"george washington university" Discussed on KQED Radio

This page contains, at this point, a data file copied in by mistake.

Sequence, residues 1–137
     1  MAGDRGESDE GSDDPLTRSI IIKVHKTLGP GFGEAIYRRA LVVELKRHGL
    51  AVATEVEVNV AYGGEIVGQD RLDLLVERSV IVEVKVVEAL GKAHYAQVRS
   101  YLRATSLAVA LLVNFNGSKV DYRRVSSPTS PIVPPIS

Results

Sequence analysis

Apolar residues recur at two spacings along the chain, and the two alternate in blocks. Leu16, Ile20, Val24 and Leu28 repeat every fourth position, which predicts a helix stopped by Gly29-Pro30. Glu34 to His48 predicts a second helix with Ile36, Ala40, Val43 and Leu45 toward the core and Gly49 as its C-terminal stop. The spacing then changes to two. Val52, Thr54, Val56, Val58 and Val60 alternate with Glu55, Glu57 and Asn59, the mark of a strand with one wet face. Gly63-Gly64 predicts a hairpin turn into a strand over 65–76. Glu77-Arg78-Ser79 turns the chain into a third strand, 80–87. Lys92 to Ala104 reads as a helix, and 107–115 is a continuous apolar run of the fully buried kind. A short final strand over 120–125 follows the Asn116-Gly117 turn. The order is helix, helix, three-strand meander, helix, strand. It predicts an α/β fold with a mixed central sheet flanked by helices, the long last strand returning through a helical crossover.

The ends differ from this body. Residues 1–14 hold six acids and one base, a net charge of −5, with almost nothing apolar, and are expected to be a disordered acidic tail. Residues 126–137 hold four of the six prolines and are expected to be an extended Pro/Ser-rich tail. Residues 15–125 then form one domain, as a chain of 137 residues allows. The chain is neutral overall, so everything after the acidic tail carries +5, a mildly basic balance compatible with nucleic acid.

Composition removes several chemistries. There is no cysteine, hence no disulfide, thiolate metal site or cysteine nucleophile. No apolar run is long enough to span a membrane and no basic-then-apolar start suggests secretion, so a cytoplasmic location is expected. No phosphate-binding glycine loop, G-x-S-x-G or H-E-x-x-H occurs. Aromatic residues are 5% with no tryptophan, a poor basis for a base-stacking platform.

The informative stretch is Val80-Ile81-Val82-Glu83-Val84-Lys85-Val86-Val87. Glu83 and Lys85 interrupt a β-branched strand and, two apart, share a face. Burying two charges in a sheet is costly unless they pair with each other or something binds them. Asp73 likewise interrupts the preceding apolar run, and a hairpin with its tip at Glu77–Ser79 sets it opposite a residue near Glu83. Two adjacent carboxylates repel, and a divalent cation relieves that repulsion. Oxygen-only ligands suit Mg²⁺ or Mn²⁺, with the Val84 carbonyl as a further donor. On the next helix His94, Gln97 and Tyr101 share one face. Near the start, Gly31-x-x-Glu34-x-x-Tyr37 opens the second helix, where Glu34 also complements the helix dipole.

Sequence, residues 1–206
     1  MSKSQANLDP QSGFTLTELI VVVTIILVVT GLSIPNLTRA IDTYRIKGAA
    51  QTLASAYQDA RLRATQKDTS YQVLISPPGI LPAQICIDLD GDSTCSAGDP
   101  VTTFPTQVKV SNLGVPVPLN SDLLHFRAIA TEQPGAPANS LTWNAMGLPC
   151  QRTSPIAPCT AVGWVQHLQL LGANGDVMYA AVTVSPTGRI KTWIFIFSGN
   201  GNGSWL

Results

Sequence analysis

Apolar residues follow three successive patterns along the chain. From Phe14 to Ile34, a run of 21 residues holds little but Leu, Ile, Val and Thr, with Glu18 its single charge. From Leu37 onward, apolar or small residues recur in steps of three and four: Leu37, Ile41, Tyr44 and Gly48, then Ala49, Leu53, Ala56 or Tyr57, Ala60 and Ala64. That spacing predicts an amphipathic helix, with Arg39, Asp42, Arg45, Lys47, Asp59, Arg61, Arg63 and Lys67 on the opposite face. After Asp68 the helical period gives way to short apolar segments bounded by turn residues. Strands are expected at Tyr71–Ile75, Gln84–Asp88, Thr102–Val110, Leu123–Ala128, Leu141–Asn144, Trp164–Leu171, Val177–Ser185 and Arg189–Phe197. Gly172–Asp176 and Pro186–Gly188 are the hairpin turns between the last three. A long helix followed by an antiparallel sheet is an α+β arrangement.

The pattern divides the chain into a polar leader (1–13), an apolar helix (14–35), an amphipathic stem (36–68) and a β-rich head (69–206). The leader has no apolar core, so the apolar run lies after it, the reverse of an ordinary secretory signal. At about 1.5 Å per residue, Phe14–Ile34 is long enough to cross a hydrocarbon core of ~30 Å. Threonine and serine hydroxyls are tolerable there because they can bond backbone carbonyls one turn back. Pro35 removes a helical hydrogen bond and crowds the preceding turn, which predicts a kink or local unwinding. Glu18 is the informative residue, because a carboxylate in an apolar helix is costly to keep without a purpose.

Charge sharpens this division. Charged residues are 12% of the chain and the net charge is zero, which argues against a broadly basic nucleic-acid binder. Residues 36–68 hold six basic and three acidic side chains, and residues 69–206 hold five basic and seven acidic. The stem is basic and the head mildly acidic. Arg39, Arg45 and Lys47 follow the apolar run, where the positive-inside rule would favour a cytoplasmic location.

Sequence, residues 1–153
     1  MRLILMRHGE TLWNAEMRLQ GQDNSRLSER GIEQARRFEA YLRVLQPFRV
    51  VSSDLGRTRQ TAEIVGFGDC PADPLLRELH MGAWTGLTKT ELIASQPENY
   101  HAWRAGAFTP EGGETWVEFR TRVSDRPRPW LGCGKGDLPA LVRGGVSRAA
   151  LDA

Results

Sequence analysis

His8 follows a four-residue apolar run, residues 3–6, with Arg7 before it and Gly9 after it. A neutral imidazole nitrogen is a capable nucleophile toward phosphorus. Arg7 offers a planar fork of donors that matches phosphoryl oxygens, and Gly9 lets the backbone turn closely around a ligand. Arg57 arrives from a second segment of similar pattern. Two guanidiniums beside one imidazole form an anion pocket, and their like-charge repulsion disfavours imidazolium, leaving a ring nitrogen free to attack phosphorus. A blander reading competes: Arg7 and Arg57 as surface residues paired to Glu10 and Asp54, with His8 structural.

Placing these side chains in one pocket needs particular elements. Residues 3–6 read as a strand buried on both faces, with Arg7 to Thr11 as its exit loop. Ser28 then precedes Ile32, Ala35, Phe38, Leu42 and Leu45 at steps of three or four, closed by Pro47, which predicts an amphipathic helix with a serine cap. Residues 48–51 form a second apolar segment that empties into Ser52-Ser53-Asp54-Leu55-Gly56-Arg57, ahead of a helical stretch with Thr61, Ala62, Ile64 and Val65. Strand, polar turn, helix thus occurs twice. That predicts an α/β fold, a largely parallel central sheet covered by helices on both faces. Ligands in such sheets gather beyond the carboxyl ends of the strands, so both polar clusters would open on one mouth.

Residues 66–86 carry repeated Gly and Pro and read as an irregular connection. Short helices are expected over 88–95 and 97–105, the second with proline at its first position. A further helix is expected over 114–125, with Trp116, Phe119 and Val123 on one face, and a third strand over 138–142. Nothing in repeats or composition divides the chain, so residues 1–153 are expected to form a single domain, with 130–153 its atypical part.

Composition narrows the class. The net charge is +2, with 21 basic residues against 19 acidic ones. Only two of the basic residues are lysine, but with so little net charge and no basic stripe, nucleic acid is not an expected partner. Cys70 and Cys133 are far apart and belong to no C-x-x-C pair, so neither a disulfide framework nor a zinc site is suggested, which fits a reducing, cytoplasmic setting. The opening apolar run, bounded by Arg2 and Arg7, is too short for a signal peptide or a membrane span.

"Com slash credit and from the listeners of KQED, San Francisco and Qet QE II, North Highland Sacramento. It's 5 36. It's all things considered from NPR news. I'm Audie Cornish and I'm Mary Louise Kelly. Across Russia. Protesters have taken to the streets in recent weeks in support of jailed opposition figure Alex Sandoval names Now, as Navalny faces a three year prison sentence. His team has called off for the protests for now, and Russia's Foreign Ministry is expelling diplomats from Germany, Sweden and Poland for allegedly attending what they're calling illegal rallies. Will Maria Lipman of George Washington University studies Russia from her perch in Moscow, and she attended one of the protests there last month. I asked her whether these uprisings felt different than political protests of the past. What was different this time was the geography. It was broader than ever more cities and towns than on any previous occasions of mass protests, and what was also very important in different is that people were inspired by the same emotion and the chance were similar. From Moscow to the Far East to other places, and the most popular chant was put in is a thief. What was also unusual this time is police brutality. We had it before, but never on this scale. I mean the riot police beating people on some occasions to guess was used. I think this was the first time TGS was used. In public rallies in Russia and the electric shockers. I have seen reports of these latest protest. Some of the protesters have been resisting in in a stronger way than before, have been throwing things. For example at the Russian security forces have been Taking even bigger risks. T stand their ground. Did you see any of that? I didn't see it personally. But there's still plenty of videos and this time around. They were indeed clashes. Not too many. But there were clashes with the police, and it's not clear at this point, whether probably they were provocateurs. Or whether the emotions were running so high as young people saw the policeman roughing up totally innocents. People who did nothing wrong. We don't know. What is truly about this protest is that According to some estimates, some 40% of those who took to the streets did that for the first time. Well, where will all this energy go with Alexi Navalny behind bars with his team, saying no protests for a bit until spring in summer? How do we know where the protest movement Goes next. Off course without off course, you never know with protests on what is important to know about Russia is that Novalee is commonly referred to as the leader of the opposition, but there is no opposition if we're talking about political structures There is not much there they can identify with to say, I'm a supporter of this party. I will vote for this movement. So it remains to be seen whether this wave of protests ebbs just like others did before, Or maybe something is different this time so that this is going to be a beginning of something bigger off something larger. It sounds as though to you someone with a long record of watching Russian politics and the Kremlin. Putin's grip on power has never really looked in danger will. It is certainly not in danger now, but his approval ratings have gone down somewhat. And this is especially true among the young people in the also faced the problem of an aging leader who is no longer his nation's uniter. In fact, he is his nation's divider. We might live to see the time when Putin will begin to look, maybe not as an asset, but a liability. The Russian establishment. I'm not seeing it from here. But this is something to watch. Maybe for years to come is Maria Lipman. She's a senior associate at the program on New Approaches to research and security in Eurasia. That's it. George Washington University. We reached her today in Moscow. Maria Lipman, Thanks Thank you. President Biden's first few weeks in office have included a focus on equity, and that's won him praise from the coalition that delivered him the presidency. It's also brought criticism from conservatives. NPR's Juana Summers reports. During his first week in office. President Biden made clear that addressing an equity would be a fixture not just of his presidency but the responsibility of the entire federal government as he signed an executive order last week. Described these actions as a moral imperative. It's time to act because that's what the faith and morality call us to do In the months to come. Biden's team is expected to take steps to directly address in equity and all parts of life. Ranging from housing, criminal justice, health care and education. He has said that one of his administration's goals is to dismantle systemic racism. Julian Castro served as Secretary of Housing and Urban Development and the Obama administration. He says that Biden's focus on historical inequities is especially significant now to govern with an equity lands means to be Realistic to govern with eyes wide open about the racial inequities that exist in our country that were there before covert 19 but have been exacerbated. Since Kobe 19. Biden's early focus on equity is an attempt to account for differences in need among people with historically disadvantaged backgrounds. It is also a reflection of the coalition that delivered him the presidency. Civil rights leaders and activists have given the new administration early positive reviews, though they have also made clear that they want to see more from Biden than just rhetoric. Shot. Robinson is the head of color of change. The work ahead will be operational izing that ensuring that equity just doesn't show up in speeches, but it shows up in budgets. That equity simply isn't about restoring us back to policies from the Obama years, but about what is it going to take to move us forward Susan Rice, Biden's domestic policy adviser, made the case that there is a universal concrete benefit to these actions. She talked about it in the White House briefing room. These aren't feel good policies. The evidence is clear. Investing in equity is good for economic growth. And it creates jobs for all Americans. I think every American deserves equal treatment under the law on the executive should be focused on ensuring that equality is protected. So that's the reason I am concerned that the bite administration seems, seems to be attempted to do the opposite, right. That's my Gonzalez with the Heritage Foundation, and he echoed criticisms that are already being heard from Republicans on Capitol Hill. On Fox News, Kentucky Senator Rand Paul said that Biden's inaugural address had attacked Republicans with with the senator described as thinly veiled innuendo, suggesting that Republicans are Racists. And take a listen to this exchange between Arkansas Senator Tom Cotton, Well, questioning Biden's nominee for Housing secretary, Marsha Fudge, So just be clear, then. Sounds like racial equity means treating people differently based on their race. Is that correct that based on race, but it could be best based on economics. It could be based on the history. Discrimination has existed for a long time. It could be based on educational levels. It could be based on many things. President Biden says that advancing equity is a core value of the country and a value that the majority of Americans share. At least among some Republicans, he may have some convincing to do Wanna summers. NPR news. And you're listening to all things considered. Students across the country are getting their college acceptance letters and deciding where to attend in the fall. Their choices could determine the fate of a number of colleges that are barely surviving from NPR's daily economics podcast, the indicator from Planet money, Stacey Vanek, Smith and Petty Hirsch explained him. In the morning of April. 6th 2018 Mackenzie Bumpus was on a mission. Mackenzie was student body president at Mount Item Small Liberal Arts College in Newton, Massachusetts. And she had prepared a presentation for the business faculty about these schools, athletes. It was good, really well, right. She was heading our talking points. Then she felt this tail tail buzz on her wrist. I received a notification on my watch. That we had gotten an email from the president, the president of might either college. Mackenzie got this weird feeling. She actually just stopped talking mid presentation and read the email off of her watch, And I read that email saw that school was closing. Mount Ida was closing. Well, it wasn't closing. Exactly. It was being acquired by the much larger, much wealthier University of Massachusetts because they're non profits. We tend to forget about colleges and universities being businesses. Julie Fulton is a college consultant and the owner of Mosaic College crap. They have direct competitors, and they are trying to learn customers who are the students and parents with their offerings right. Neither college business is in crisis..